Rose attempts to explore the ways in which particular illegalities have been problematized, especially through the framework of ‘freedom’. This is particularly useful in understanding the moral consciousness, self-control, and self-advancement. Rose argues that governments have ambitions, and this is true with advanced forms of liberalism (Rose 2000: 335). In other words, the need to govern from afar is the new form of control. There’s an emphasis on creating active individuals who will take responsibility for its own fates through the exercise of choice. Consequentially, the organization of a socio-political framework is processed through management and minimilization of risks of lifestyles. It is then equated for the rational individual, who chooses criminality and has to fear the consequences of its actions (Rose 2000: 349). This art of governance fosters a civil society, where individuals who do not adhere to this ideology are deemed irrational and problematic. In the eyes of the state, the HCSW have made the rational choice to go against war interests abroad. By demonstrating its distaste through protests, the HCSW represent a problem for the state. In a civil society, individuals who do not adhere to the morals of the community are seen to govern its own motives through rationalization. In doing so, the state takes no responsibility of another’s actions because it believes that the individual had the right to choose. This form of management from afar is relevant to the actions of the protesters Therefore, the HCSW violate the bonds that are built in the obligations of trust to the community because its adherence to protesting a common norm. As Rose would argue, the HCSW are consciously making the decision to dissent and are responsible, in the eyes of the state, for its own actions. However, this is a form of governance through freedom, in which a shift of crime control is made through indirect mechanisms of the rational self, and individual decision-making.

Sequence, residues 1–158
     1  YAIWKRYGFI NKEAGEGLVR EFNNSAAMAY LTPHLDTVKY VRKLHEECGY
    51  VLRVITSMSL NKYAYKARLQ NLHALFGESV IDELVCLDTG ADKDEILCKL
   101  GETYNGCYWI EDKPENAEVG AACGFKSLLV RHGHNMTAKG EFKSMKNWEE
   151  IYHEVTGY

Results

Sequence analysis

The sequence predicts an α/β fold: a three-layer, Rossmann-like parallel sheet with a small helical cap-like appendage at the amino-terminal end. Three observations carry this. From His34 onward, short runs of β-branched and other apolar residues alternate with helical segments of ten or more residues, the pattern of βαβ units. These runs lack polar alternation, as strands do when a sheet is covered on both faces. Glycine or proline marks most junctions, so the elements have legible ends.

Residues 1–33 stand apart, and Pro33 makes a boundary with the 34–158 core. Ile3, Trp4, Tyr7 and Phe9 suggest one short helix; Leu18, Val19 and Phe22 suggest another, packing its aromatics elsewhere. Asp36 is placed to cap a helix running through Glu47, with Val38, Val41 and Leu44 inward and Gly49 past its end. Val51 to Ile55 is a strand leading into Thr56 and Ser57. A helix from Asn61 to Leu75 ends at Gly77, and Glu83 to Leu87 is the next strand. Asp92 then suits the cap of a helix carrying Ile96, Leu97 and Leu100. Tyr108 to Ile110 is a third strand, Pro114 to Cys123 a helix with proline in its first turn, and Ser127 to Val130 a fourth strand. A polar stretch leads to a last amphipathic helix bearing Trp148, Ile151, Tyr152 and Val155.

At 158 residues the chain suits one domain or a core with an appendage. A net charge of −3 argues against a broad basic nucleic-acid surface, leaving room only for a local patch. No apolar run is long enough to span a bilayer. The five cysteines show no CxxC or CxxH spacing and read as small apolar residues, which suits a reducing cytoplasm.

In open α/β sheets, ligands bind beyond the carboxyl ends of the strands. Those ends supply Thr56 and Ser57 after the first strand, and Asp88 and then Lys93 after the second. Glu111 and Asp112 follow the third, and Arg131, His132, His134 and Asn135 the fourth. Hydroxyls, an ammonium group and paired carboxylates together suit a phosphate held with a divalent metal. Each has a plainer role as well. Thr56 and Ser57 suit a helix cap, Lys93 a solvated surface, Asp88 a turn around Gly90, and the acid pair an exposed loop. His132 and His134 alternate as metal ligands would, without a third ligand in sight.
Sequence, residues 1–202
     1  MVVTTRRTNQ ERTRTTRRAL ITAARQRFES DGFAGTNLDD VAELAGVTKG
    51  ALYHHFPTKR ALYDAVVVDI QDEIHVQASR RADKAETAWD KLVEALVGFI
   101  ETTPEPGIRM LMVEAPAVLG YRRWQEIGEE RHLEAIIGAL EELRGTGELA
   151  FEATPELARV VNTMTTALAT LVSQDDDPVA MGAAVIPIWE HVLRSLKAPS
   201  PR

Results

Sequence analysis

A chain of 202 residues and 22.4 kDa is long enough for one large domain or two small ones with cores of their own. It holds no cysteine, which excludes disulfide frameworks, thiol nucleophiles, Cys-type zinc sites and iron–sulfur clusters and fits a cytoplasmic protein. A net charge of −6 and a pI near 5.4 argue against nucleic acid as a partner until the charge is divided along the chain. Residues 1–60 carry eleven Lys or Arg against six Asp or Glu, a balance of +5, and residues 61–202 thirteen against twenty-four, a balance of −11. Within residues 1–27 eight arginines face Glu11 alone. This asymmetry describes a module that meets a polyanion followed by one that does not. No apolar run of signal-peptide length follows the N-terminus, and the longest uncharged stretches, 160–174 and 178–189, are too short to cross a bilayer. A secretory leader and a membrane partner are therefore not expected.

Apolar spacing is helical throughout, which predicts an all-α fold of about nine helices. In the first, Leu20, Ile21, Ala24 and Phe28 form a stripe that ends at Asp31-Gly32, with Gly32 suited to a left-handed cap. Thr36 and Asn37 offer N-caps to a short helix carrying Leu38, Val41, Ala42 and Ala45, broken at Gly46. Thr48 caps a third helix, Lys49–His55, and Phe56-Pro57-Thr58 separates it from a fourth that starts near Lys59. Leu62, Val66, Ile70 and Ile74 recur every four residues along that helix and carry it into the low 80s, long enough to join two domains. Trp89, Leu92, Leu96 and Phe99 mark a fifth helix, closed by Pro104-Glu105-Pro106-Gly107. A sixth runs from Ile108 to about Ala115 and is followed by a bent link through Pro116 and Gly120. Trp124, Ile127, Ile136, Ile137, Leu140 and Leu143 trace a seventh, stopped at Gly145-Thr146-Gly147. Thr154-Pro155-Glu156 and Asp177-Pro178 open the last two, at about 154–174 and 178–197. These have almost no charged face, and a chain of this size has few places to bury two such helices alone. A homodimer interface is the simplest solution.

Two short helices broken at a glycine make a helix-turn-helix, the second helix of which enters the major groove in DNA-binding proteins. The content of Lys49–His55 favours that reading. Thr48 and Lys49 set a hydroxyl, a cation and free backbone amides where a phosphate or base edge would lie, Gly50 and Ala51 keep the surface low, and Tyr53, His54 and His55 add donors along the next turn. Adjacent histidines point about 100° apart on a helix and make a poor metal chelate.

Furthermore, a crisis between the function of ideology and hegemony is in question. This common-sensical approach becomes the main goal for state actors, in which the need to control individuals is set through ideological adherence’s. Michel Foucault in “Security, Territory, Population,” argues that modalities of power are a historical shift of police structures to government relations (Foucault 2009: 338). The state maintains a power that has an inter-related connection with knowledge. Particularly with ideology and hegemony formations that govern the self. In other words, individuals who believe that a particular action, such as terrorism, is morally wrong, do not commit that act because of a self-governance. This need to do right over wrong legitimizes state power, and re-enforces state interests to maintain a society. This creates a population of law-abiding citizens that govern its actions based on the adherence to the ideology of the state, while criminalizing individuals that do not conform. Foucault defines this power structure as an existing relation, where any resistance to the state is deemed as an unproductive entity (Foucault 2009: 350). For example, the HCSW and other anti-war movements, reflect a form of insecurity for the state because they do not ensure the greater good. What the HCSW and other anti-war movements instill is an ideology that does not adhere to disciplinary mechanisms of the state. By protesting against the Iran and Palestine war, the HCSW showcase that the normative knowledge, which the state holds accountable for, is counter-productive to the common-good of the community. The state, however, views these motives as an individualistic choice made to counter-act hegemonic and ideological ideals of national security. Ultimately these individuals are framed as criminals because these forms of governmentality and common-sensical approaches to crime. Thus, the process of identification and modern mechanisms of control reflect a greater order that continues to divide and group individuals in society; and adds little value to creating the `common-good` it so obsessively desires.
Foucault, Michel. 2009. Security, Territory, Population. Lectures at the College de France, 1977-1978. New York: Picador. Pp. 333-358.
Hall, Stuart, Chas Critcher, Tony Jefferson, John N. Clarke, and Brian Roberts. 1978. “Crime, Law and the State.” Pp. 181-217 in Policing the Crisis: Mugging, the State and Law and Order. London: Macmillan.
Rose, Nikolas. 2000. “Government and Control.” British Journal of Criminology 40: 321-39.